Police say a rash of car thefts in Chattanooga this year should serve as a warning to residents who often leave their cars running or unlocked with the keys inside, especially in areas where criminals are looking for golden opportunities.
In 2017 alone the Chattanooga police auto theft unit has investigated more than 165 reports of stolen vehicles, more than a third of which were "completely preventable," according to a news release from the Chattanooga Police Department.
"Now more than ever drivers are stepping out of their running vehicles to go inside a convenience store for a cup of coffee and returning to find an empty parking space, or they are simply leaving them unlocked with the keys inside in private and public parking garages and in their driveways," investigator Ty Cooper wrote in the release.
Having one's car stolen often leaves victims vulnerable to other crimes, especially when an electric garage key is also kept inside the vehicle.
"If that unlocked vehicle in the driveway has an automatic garage door opener in it to allow them inside the victim's house as well, then that criminal just hit the jackpot," Cooper wrote.
Of those 165 stolen cars, 57 were left unlocked with the keys inside, often in more affluent or quiet areas of town. Authorities say thieves eventually learn to target specific areas where residents let their guards down and have nicer cars.
The North Shore area, including Stuart Heights, Rivermont, Hill City and Riverview, has seen more than its fair share of thefts, accounting for 32 of the 57 cars that were stolen after being left unlocked.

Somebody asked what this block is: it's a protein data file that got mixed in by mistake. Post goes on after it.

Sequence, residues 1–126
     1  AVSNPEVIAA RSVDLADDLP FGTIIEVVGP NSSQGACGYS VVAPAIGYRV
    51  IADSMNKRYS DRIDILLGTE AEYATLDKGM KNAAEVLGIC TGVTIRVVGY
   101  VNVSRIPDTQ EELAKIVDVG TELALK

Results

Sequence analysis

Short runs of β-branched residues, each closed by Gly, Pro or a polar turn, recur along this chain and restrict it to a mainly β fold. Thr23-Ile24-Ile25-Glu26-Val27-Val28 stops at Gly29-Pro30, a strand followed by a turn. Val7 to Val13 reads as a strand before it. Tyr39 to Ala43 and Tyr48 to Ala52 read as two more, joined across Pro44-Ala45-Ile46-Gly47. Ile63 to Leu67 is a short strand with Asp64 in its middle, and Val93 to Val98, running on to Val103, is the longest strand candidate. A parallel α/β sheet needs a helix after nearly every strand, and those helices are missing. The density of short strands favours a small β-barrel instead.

"Like any good fishing spot in a lake, if someone learns that there's more fish in one spot than the other, word will spread and people will come in from outside the community," said Lt. Craig Joel, commander of the auto theft unit.relatedarticlethumb
Joel pointed to one case last month in which a $60,000 Jaguar was stolen with the keys left inside not once, but twice. Officers recovered the car and arrested the thief the first time, only to have the car stolen for the same reason the following week.
"Crime loves an opportunity," Joel said.
Fortunately, the very problem that has helped cause a spike in thefts is simple to address — lock up and keep the keys in a purse or pocket instead of the center console or, worse, the ignition.
"Nearly every vehicle made since the late 1990s has an immobilizer system that prevents a car from starting unless the driver uses a key or a key fob that's recognized by the computer network built into virtually all modern vehicles," Joel said.
"In other words, cars are now harder to steal than at any other time in history, but despite this, 35 percent of all cars reported stolen in Chattanooga this year have been [taken] with the unwitting aid of their owners."
Contact staff writer Emmett Gienapp at email@example.com or 423-757-6731. Follow him on Twitter @emmettgienapp.